Region preps to recognize anniversary of War of 1812 0
Southern Georgian Bay is gearing up for the 200th anniversary of the War of 1812.
The War of 1812 started as a result of maritime disputes between Britain and the U.S. after the American Revolutionary War. Canada, as a British Colony, was swept up in the three-year war.
"We are very much looking forward to the next three, four years of activities related to the bicentennial and the war of 1812," said Marilyn Beecroft, natural heritage education specialist for Ontario Parks.
"Wasaga Under Siege, over the next few years, is just going to get better and better."
Beecroft added 2014 will be "the big one" to commemorate the sinking of the Nancy.
The Nancy was a private cargo vessel used in the war as a British cargo ship. U.S. forces sunk the schooner in August, 1814, in the Nottawasaga River. Over time an island of silt and sand - now known as Nancy Island - formed from over the wreck.
Last week, the Southern Georgian Bay War of 1812 bicentennial committee launched a more detailed website, which now includes maps and more information.
The committee has proposed a number of projects intended to educate the public and increase tourism to historic sites, in the lead-up to next year.
Projects proposed - or already underway - include:
-A new welcome centre at Nancy Island Historic Site in Wasaga Beach, which will be complete in a few weeks. The cost of all improvements at the site is estimated at more than $2 million.
-An exhibit which would travel between museums, art galleries, and histories sites in Simcoe County, which could cost more than $100,000.
-The Penetanguishene Road project, which will highlight the road's significance through an historical guide book, and a bronze statue of those who built it marking the route. The cost of this project is an estimated $200,000.
-A tall ships and battle of Georgian Bay re-enactment, which will see ships visit ports in the region over a two-week period in August, 2013. This will cost more than $800,000.
Project co-ordinator David Brunelle said the committee hopes the Ontario government will fund a significant portion of the tall ships project.
"One thing that the province is pushing is that communities don't have to have a direct relation to the War of 1812 in order to commemorate or celebrate something," said Brunelle.
A plan the committee is particularly excited about is what they are calling the cemetery project.
"A lot of the key founders in the communities in our region especially are veterans of the War of 1812, who were given land grants when the war was over," said Brunelle.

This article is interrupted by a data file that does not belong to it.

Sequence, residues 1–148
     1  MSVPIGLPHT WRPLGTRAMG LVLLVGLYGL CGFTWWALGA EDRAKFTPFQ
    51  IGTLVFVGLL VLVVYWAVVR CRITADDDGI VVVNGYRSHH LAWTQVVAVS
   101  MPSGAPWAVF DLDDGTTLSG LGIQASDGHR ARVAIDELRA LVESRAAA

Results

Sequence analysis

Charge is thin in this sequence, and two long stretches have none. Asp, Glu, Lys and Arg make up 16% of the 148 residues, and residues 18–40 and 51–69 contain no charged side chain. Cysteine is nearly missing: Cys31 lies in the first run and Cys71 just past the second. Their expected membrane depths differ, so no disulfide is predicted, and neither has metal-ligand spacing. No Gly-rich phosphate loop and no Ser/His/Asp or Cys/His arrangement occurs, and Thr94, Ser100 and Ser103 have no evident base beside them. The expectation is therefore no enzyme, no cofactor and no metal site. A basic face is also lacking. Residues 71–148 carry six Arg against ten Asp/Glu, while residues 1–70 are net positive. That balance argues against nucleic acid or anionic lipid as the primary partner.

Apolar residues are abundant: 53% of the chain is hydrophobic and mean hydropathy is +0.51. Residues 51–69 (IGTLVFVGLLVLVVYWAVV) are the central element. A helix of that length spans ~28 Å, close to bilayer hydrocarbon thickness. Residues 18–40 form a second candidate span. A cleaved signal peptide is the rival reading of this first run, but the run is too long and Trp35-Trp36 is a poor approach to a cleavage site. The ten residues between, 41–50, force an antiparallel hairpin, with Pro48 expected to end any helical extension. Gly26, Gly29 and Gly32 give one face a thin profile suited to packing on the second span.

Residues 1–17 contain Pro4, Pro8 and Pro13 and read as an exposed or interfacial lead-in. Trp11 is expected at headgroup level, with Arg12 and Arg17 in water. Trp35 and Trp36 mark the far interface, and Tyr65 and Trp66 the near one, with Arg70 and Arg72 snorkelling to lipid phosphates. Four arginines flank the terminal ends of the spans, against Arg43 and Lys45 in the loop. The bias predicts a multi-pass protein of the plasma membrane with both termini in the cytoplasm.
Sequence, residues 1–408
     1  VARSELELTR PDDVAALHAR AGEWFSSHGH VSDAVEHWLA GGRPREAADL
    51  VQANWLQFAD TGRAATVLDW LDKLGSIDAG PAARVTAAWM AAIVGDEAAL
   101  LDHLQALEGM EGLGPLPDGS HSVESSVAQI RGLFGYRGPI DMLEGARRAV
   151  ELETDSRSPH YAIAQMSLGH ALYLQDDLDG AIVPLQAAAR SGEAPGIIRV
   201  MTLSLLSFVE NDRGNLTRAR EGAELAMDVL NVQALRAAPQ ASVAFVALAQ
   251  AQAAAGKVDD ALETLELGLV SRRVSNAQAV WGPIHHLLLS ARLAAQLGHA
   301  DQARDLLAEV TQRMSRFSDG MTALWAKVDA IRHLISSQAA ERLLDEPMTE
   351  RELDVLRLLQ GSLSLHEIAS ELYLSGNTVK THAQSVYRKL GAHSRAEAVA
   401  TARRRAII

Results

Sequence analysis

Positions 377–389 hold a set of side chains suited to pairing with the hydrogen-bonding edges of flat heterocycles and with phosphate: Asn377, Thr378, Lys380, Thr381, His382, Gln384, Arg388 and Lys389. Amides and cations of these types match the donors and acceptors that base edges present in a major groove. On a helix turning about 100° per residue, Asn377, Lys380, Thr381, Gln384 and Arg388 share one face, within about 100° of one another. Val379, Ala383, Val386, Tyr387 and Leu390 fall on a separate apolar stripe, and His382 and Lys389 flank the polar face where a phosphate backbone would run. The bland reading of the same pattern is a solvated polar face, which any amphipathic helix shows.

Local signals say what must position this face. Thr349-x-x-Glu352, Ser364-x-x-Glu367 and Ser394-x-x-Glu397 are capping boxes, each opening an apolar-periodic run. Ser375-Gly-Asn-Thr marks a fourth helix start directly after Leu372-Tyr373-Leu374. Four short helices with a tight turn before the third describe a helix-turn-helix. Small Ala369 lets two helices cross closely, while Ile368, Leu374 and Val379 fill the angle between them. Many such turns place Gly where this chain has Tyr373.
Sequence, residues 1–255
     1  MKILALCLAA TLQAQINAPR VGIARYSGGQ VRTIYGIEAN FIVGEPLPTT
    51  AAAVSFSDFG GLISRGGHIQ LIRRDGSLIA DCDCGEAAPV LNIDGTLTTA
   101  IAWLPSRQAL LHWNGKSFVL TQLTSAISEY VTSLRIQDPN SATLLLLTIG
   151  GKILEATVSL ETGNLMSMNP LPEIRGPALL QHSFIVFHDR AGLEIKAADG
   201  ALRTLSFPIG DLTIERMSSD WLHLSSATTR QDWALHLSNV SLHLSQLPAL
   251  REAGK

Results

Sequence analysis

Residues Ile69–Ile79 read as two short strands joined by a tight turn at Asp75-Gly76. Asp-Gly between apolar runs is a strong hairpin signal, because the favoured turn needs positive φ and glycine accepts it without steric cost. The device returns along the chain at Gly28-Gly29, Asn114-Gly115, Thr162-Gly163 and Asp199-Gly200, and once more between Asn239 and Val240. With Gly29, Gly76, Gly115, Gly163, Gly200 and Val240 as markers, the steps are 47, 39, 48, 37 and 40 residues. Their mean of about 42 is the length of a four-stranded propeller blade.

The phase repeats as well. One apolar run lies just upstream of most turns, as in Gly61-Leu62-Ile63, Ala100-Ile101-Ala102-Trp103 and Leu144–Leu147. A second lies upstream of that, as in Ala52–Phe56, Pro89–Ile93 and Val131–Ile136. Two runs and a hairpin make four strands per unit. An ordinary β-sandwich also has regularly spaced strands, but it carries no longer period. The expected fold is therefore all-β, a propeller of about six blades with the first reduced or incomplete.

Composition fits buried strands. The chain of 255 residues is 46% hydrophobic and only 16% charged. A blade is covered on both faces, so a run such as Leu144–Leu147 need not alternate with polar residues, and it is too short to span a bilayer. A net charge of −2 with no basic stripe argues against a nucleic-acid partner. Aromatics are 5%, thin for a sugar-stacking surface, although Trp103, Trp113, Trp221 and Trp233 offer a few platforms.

He used the example of James Keating, who was a prominent community member in Penetanguishene and has a school named after him. But, Brunelle says, people aren't widely aware of Keating's ties to the war.
"We probably don't realize how important the veterans of the War of 1812 are to this nation. That the roads you (drive on), some of the schools that you've attended, some of the churches you've been in, some of the infrastructure that you so enjoy today, was created by veterans of the war," said Lyn Downer, chairman of the Township of Tiny Heritage Committee.
"The reason we are (noting) acknowledgement of the veterans of the War of 1812 on their grave sites is because most people don't know who they are or where they are," he said.
Downer explained the bicentennial committee has chosen the Upper Canada Preserved medal to mark the burial sites. The medal was originally intended to honour the veterans, but they were never given out.
"It's 200 years late, but at least we're going to acknowledge them," he said. "If we can find their grave site, we will mark it."
Downer says it was not merely British settlers living in Canada who fought in the war.
"This was the converge of diverse cultures that came together to oppose a common enemy and it worked, because we're still here," he said.
Simcoe North MP Bruce Stanton said, while planning for the bicentennial is still in the planning stages, October of 2012 is designated as commemoration month for the War of 1812.
"The government of Canada sees it as a foundational conflict that set many other things in motion in terms of Canada's history and its story - all Canadian persons from British and French origin, and our Aboriginal people all coming together and really taking up arms in many cases to defend the country," said Stanton. "And much of our confederation has its original beginnings in that conflict at the early part of the 19th century."
Stanton said there will be between 70 and 90 key events across Canada, and a few events of "national context" will be held in this area.
"There will be programs for communities to tap into funds," said Stanton, adding the funds are not just for communities with specific ties to the war.